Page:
This study shows a surprising cause of heart disease, blood vessel damage

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Long-term exposure to environmental noise—think planes, trains, and automobiles—has been linked in multiple studies to adverse health effects such as poor sleep, psychiatric disorders, and diabetes.

However, the mechanisms linking noise to such diseases has not been well understood.

In a recent study from Massachusetts General Hospital, researchers found a mechanism through which long-term exposure to noise leads to inflammation, blood vessel damage, and heart disease.

They found that high noise levels lead to activation of the amygdala, a deep brain structure that plays a central role in processing emotions and responding to stress.

The study is published in the European Heart Journal. The lead author is Michael T. Osborne, MD, from the Cardiac Imaging Research Center and Division of Cardiology at MGH.

In the study, the team used advanced PET-CT imaging to study the brains and arteries of 498 adults and followed them for 5 years to see whether higher levels of noise exposure associated with a major adverse cardiovascular event, commonly abbreviated as “MACE.”

MACE was defined as CVD-related death, heart attack (myocardial infarction), severe uncontrolled chest pain (unstable angina), stroke, heart failure, or need for an intervention to reopen blocked coronary or peripheral arteries.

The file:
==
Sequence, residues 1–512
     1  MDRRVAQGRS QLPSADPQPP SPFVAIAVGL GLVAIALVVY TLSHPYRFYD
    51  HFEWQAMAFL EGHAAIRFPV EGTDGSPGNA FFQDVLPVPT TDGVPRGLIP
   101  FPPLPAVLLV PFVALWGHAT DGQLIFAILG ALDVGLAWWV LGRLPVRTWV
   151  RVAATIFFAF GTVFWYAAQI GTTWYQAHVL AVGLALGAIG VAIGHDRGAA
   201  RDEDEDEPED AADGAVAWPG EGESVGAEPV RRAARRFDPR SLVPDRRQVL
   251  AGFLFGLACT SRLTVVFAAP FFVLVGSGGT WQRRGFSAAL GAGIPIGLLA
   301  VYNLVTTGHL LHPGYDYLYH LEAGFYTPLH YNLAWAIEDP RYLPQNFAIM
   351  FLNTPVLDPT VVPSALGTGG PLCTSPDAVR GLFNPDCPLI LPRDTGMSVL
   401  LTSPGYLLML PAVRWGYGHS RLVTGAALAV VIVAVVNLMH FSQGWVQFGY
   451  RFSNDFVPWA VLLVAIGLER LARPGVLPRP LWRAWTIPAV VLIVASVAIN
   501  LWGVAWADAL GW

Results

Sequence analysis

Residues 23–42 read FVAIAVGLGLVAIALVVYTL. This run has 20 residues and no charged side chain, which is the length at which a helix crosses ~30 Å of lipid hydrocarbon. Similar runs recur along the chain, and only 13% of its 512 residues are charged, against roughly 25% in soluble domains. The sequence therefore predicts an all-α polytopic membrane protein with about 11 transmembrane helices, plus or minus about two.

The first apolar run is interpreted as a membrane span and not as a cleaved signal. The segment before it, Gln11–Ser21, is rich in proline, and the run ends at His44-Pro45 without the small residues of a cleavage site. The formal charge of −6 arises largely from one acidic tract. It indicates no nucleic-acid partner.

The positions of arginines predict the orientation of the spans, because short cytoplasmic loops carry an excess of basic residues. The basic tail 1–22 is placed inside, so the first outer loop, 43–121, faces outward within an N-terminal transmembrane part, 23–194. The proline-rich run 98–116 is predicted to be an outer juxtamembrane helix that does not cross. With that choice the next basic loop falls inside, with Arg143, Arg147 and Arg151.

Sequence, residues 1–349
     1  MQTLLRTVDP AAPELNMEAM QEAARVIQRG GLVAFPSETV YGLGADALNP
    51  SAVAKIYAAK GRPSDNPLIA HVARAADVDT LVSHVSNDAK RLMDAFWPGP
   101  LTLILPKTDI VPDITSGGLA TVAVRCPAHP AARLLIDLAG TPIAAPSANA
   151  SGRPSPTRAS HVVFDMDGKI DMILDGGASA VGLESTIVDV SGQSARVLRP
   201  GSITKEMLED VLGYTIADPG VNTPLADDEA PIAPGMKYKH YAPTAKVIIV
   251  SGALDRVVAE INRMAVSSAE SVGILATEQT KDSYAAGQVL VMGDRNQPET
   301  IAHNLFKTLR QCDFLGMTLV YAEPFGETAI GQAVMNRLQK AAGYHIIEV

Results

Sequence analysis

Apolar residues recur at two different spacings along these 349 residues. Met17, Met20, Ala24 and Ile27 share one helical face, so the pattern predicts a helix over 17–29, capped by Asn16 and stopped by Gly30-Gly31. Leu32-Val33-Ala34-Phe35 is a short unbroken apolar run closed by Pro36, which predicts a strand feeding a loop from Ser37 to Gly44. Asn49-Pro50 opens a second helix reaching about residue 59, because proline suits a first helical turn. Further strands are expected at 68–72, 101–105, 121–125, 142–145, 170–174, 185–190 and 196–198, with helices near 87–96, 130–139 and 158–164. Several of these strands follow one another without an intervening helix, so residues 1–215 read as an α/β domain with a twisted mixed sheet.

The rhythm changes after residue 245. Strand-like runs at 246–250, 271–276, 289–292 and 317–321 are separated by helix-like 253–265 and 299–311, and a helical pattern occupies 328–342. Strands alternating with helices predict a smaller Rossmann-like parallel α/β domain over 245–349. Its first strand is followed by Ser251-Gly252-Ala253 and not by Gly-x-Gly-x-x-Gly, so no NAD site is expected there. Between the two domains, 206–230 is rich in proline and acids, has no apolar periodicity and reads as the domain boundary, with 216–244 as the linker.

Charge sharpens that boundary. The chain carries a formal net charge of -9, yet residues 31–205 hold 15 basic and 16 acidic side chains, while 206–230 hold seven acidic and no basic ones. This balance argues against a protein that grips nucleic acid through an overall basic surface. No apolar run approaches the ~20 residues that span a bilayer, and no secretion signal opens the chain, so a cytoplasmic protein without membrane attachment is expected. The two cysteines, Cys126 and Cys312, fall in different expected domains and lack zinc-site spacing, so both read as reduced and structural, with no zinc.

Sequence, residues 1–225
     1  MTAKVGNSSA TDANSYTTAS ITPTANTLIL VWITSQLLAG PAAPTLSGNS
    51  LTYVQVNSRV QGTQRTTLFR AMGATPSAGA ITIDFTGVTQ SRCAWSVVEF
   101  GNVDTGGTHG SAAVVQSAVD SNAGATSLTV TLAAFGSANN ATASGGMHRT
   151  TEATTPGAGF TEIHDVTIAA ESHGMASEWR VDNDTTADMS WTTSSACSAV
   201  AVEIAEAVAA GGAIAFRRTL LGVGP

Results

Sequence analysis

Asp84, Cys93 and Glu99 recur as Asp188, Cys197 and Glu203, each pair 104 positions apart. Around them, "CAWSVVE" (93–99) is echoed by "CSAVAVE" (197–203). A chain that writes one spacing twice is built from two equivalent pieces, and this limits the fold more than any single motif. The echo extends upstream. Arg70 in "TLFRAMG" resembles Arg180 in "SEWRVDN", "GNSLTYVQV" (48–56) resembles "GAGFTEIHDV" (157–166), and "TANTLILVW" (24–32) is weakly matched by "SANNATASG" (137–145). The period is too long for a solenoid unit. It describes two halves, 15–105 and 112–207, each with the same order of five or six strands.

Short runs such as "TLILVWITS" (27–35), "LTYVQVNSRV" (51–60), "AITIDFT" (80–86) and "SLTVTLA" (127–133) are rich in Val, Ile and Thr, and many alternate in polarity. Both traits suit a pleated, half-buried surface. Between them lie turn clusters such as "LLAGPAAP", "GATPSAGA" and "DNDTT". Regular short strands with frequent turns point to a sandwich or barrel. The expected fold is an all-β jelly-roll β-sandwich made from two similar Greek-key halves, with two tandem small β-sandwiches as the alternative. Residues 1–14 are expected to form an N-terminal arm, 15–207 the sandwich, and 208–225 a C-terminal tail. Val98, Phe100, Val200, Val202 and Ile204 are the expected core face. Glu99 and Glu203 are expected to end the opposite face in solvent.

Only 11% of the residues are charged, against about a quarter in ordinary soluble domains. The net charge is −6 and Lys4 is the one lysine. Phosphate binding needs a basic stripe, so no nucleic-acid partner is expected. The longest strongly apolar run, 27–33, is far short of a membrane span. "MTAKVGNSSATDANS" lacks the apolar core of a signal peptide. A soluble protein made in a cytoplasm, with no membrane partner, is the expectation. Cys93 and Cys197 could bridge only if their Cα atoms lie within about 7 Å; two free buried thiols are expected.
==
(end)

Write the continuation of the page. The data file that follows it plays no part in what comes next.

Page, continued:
They that stress-associated brain centers, specifically the amygdala, potentially serve as the conduit by which noise triggers changes that lead to disease.

Over about 4 years, 40 of the 498 people (8%) experienced MACE, and when the team looked at noise exposure for these individuals, they found that every 5-decibel increase in noise predicted MACE.

The association between noise levels and MACE remained strong even when they took into account other potential risk factors for CVD.

Importantly, the PET-CT imaging showed that higher levels of noise exposure were linked to an increase in activity in the amygdala and an increase in inflammation of arteries, an early and critical event in the development of CVD.

These findings suggest a need to help people who may be at risk for CVD understand that chronic noise exposure where they live may increase their risk of disease.

The team plans to further study the link between noise exposure and other diseases (including diabetes and obesity) with an eye towards developing interventions to mitigate disease.

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